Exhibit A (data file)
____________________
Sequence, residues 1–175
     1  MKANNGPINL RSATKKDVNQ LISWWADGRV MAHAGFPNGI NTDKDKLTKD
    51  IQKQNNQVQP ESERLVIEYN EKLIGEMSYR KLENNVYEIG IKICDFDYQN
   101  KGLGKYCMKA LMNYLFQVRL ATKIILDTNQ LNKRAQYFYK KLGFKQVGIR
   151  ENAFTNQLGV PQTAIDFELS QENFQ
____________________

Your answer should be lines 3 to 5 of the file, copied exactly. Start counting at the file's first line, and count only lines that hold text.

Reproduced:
    51  IQKQNNQVQP ESERLVIEYN EKLIGEMSYR KLENNVYEIG IKICDFDYQN
   101  KGLGKYCMKA LMNYLFQVRL ATKIILDTNQ LNKRAQYFYK KLGFKQVGIR
   151  ENAFTNQLGV PQTAIDFELS QENFQ